You have probably seen this picture before. Within Minerva, we call this picture “The Chaos Slide”. It describes the situation many companies are facing today:
They use a lot of different applications to manage their data.
- Unfortunately, these applications are not interconnected.
- That means you cannot be sure that your have access to the right version of your data.
- These small isolated islands of data create a chaotic environment inside your organization that hurts your overall productivity in the end.
Most people don’t realize that they are inside this chaos.
Over the past 20 years, I’ve had the opportunity to meet with multiple companies. After much discussion on their business processes, we ultimately arrive with a picture like the one above.
For years, companies have spent numerous dollars on their Manufacturing, Financial and Logistics systems. But the lack of investment in a proper data management system, has left many engineering processes behind.
I believe it is about time for a change.
Here is why you should consider changing the way you work today:
- Are you working smart today? If not, you should!
A lot of companies arrive at this “chaos slide”situation through rapid growth. Other companies end up at this point by having employees who autonomously apply quick fix solutions to a problem within a department. I’m sure many of you can reflect on your own journey.
But you need to ask yourself, is this really the smartest way to work?
- If your data is not connected, how do you trace the impact of a change to a requirement?
- And how can you make sure that your documentation, product specification, cost estimate, CAD drawings, marketing, validation, and your verification plans are updated to the latest version?
The point is, do you have smart processes within your organization? And if not, how can you optimize?
- Your engineers should spend their time on engineering!
Speaking about working smart. Do you know what your engineers are spending most of their time doing? Most likely, it’s not engineering.
Engineers are problem solvers by nature. If they need a spreadsheet, an application or even a paper process to handle their data, they will create it.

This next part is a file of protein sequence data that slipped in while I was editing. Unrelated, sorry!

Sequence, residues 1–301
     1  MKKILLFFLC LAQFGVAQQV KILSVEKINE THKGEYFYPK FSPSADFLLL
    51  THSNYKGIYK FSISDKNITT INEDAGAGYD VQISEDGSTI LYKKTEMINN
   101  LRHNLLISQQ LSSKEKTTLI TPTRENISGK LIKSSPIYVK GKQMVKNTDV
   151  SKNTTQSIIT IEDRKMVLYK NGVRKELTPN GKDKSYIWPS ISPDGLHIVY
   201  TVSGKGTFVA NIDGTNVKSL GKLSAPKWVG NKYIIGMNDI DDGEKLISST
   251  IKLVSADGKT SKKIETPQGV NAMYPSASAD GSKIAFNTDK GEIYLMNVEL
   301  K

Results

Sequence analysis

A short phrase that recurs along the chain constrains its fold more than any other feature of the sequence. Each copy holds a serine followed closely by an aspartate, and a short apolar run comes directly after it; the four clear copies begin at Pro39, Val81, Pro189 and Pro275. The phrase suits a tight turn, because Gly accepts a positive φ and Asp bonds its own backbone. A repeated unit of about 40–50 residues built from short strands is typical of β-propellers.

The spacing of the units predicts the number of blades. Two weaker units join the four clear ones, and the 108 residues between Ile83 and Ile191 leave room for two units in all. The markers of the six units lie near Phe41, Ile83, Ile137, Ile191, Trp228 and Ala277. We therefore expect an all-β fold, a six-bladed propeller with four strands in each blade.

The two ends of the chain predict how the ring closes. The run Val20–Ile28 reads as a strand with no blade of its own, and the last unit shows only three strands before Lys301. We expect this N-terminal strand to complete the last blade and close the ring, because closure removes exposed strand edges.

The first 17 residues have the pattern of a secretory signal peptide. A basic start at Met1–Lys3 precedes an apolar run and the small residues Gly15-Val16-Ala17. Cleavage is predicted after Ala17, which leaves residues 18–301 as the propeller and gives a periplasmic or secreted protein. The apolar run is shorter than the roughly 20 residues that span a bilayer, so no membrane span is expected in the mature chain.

The problem with this process is; engineers are not necessarily good at looking at how these small quick fix solutions affect the bigger picture in the organization. Thus, if you have several separate applications within your organization, you will end up with a lot of small non-connected data islands.
And unfortunately, that process leads to:
- Duplicate data
- Processes being done in several places with the risk of no data visibility or traceability
- No single source of the truth
Your engineers should not be spending time on filling out spreadsheets or forms or participating in status meetings. They should spend their time on value-added activities like actual engineering.
You need to make sure that your organization has access to a system that supports the flow of data throughout your organization.
- Convince your CFO that better systems and processes is worth the investment!
It might seem unfair to you that you must justify the need for better systems and processes to your CFO. After all, your “Business of Engineering” is helping drive the revenue, right? But upgrading or even changing your organization’s data management system is quite a substantial investment in terms of time and money. So, it is obvious that any corporate CFO would like to have their say.
To put it into terms that your CFO may understand:
Dear CFO, how would you feel if you had one spreadsheet for your receivables, another spreadsheet for your payables, and a network drive to hold all your purchase order documents. For fun you can reconcile the cash on hand with a bank statement.
Apply your challenges to their situation. Maybe they will look at it from another perspective.
Now I know it is easy for me to come up with ideas for change. I am not the one to implement the changes in the organization. But if you want to push the organization forward and improve the processes, these pointers are a good way to start.
If you’re interested in hearing how we have helped other companies improve the way they do their “Business of Engineering”, please contact me at firstname.lastname@example.org.
As always, I’m interested in your comments.